Wanted: a Team at the Top

Whenever Democrat Edmund G. Brown Jr. left California during his second term as governor, the Republican lieutenant governor, Mike Curb, threatened to work all kinds of mischief in his role of acting governor--making appointments or unmaking appointments, that sort of thing. As it turned out, no real harm was done.

The state again has a governor and a lieutenant governor of different political alliance, but Californians are fortunate in this four-year period in that Lt. Gov. Leo T. McCarthy is not the sort to play cute games with his position. Still, the machinations involved in having a governor of one political party and a lieutenant governor of the opposing party are something that California easily can forgo.

California has rarely seen the need for the No. 2 man to succeed its chief executive. In this century it has always been the case of one Republican succeeding another. The last time that it happened was in 1953, when Gov. Earl Warren resigned to accept President Dwight D. Eisenhower's appointment to the U.S. Supreme Court and was succeeded by Lt. Gov. Goodwin J. Knight.

It is possible that one day a governor of one party will die or have to leave office and be succeeded by a political opponent, since the governor and the lieutenant governor are elected independently. Or a particularly unscrupulous lieutenant governor might actually create a certain amount of havoc when the governor was forced to be out of state.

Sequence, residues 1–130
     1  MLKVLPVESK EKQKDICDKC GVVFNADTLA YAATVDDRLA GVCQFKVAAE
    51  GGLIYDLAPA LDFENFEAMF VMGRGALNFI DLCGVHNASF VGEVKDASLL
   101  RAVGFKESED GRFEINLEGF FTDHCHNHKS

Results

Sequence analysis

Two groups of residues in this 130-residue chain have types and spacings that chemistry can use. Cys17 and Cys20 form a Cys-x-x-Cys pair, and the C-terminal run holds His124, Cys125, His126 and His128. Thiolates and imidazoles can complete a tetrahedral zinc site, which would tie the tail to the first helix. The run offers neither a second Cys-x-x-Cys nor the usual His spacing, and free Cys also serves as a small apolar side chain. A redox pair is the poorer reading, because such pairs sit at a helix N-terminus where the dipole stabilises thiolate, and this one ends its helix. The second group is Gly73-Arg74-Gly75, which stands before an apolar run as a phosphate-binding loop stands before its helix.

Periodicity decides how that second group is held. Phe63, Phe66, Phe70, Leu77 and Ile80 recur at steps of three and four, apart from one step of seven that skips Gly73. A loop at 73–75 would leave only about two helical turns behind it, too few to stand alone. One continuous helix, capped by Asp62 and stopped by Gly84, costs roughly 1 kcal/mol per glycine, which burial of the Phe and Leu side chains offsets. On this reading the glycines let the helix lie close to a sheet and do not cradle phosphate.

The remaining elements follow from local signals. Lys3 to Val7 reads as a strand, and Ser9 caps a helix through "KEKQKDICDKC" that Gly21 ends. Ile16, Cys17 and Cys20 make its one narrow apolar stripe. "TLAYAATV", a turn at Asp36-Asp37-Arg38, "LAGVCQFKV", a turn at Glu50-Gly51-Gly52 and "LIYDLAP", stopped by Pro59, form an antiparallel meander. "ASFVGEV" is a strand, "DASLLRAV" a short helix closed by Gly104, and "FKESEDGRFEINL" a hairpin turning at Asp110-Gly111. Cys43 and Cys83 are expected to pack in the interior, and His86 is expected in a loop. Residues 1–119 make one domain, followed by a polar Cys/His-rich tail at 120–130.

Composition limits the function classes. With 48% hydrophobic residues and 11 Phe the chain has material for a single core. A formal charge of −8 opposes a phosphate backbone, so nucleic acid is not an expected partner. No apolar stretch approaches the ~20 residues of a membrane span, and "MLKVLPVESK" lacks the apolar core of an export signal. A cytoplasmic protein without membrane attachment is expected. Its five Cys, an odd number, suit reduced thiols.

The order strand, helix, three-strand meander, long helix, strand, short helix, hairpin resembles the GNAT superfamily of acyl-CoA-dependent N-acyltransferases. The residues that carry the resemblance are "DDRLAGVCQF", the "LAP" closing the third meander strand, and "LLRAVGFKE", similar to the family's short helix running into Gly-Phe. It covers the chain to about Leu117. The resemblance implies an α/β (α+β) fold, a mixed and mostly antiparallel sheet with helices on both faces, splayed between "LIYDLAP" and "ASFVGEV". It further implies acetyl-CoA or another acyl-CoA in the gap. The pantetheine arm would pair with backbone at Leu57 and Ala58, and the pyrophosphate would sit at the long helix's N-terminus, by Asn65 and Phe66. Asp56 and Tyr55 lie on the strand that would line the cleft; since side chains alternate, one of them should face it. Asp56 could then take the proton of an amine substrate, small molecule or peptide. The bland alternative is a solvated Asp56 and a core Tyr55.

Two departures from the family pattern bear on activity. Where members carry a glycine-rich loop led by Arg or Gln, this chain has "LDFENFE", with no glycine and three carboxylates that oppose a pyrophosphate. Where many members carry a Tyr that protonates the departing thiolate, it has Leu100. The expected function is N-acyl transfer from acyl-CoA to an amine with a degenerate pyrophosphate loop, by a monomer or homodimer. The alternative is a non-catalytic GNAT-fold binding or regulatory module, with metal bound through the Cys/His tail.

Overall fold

This oddity would be corrected under a proposed state constitutional amendment that has passed the Senate, 27 to 4, and now is before the Assembly. The governor and the lieutenant governor would run their separate campaigns during the party nominating process, but would be elected as a ticket in the fall general election.

This change would assure California voters of some political continuity in the event of a vacancy in the governorship. It also would increase the likelihood that the governor would give his running mate something real to do, once they are in office, and better prepare him or her to assume the governorship should that be necessary.

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